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I send my players out in a very simple 4-5-1 formation. Using my wingers as more attacking players rather than wide midfielders offers great support for the lone striker. Plus this helps get more bodies forward on the counter. I tend to keep a flat three in central midfield rather than pulling one into defensive midfield or attacking midfield. I find this helps my FM 2011 tactic flow better, my side can also dominate the centre more like this.
Lets start with the team instructions. I always use the ‘balanced’ philosophy while managing a Premier League side. My strategy tends to change slightly depending on the opponents and whether we are home or away. A ‘standard’ starting strategy is applied if I think we can win the game. However, I use a ‘counter’ strategy if there are any doubts. I like to see my players make an effort and pressure the ball, so setting the closing down to ’press opponents’ is very important. I find zonal marking a disaster, therefore only ever use ‘man marking’. Playing more ‘direct’ is also quite important, however this may depend on your team selection. I would suggest considering if your side are more like Arsenal (if so play short) or like Stoke (in which you need to be more direct.) Basically if they can pass the ball around well you may need to change this. A lot of Premier League pitches are huge and therefore benefit a more direct passing game to get in behind the defence. The defensive line, width and tempo below are my default settings. I only change these if coming up against a fast side or if my assistant recommends something the contrary.
This part is probably the most flexible section of my FM 2011 best tactics guide. It really is down to trial and error, however I will share with you what has worked best for me so far. Both the right and left defender should be set to ‘full back’. I find having one as ‘automatic’ or ‘defend’ and the other as ‘support’ provides a good mixture and doesn’t leave the defence too short staffed when going forward. The most important roles are in central midfield, two players should be set to a role of ‘central midfield’. The third midfielder can be the same or set a role of ‘advanced playmaker’. However I would recommend setting three different duties to this central midfield trio. One should have a duty of ‘defend’, a more versatile player should be set to ‘support’, while your most attacking player should have a duty of ‘attack’. With these duties your central midfielders should blend quite well and everything that needs doing in the centre is covered. I always set one winger a role of ‘winger’ and the other a role as ‘inside forward’. This way the lone striker gets more support. While we’re on the lone striker I only ever use two roles, these are ‘target man’ or ‘poacher’. The reason being because other roles don’t get the most out of my strikers in this formation. Obviously you should only set the role accoring to your players strengths.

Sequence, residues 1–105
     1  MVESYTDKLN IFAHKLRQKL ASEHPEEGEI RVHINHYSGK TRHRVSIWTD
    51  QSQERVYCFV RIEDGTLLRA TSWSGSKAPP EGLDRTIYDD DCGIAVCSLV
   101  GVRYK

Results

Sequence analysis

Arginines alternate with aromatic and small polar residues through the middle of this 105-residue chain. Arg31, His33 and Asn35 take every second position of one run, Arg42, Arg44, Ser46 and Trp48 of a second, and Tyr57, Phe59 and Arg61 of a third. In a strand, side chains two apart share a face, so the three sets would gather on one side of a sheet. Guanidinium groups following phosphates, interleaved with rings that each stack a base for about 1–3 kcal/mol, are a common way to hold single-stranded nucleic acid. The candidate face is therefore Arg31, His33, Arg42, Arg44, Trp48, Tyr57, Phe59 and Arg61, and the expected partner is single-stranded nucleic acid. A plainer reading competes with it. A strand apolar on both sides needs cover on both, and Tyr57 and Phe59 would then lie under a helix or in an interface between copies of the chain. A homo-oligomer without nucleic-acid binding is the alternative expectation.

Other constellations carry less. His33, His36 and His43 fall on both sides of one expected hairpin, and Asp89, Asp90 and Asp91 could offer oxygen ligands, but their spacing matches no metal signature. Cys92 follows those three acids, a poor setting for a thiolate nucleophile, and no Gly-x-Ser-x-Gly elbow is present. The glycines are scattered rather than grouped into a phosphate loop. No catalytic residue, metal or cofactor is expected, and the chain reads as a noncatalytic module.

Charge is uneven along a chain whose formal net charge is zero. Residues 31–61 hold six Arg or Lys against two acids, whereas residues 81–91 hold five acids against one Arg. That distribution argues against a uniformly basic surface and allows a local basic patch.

Now it’s time to talk about a Football Manager feature that is usually ignored by many managers, but that can turn a draw into a win or even a loss into a win! I’m talking about the Touchline Instructions in Football Manager: what is their effect on the play and when should you use them?
Before proceeding, have in mind that most of the instructions you select from the game menu will not have any effect on the players that have individual instructions set (they will not override your instructions!) so for those players you might have to change the instructions individually. Now let’s see the Touchline Instructions guide below!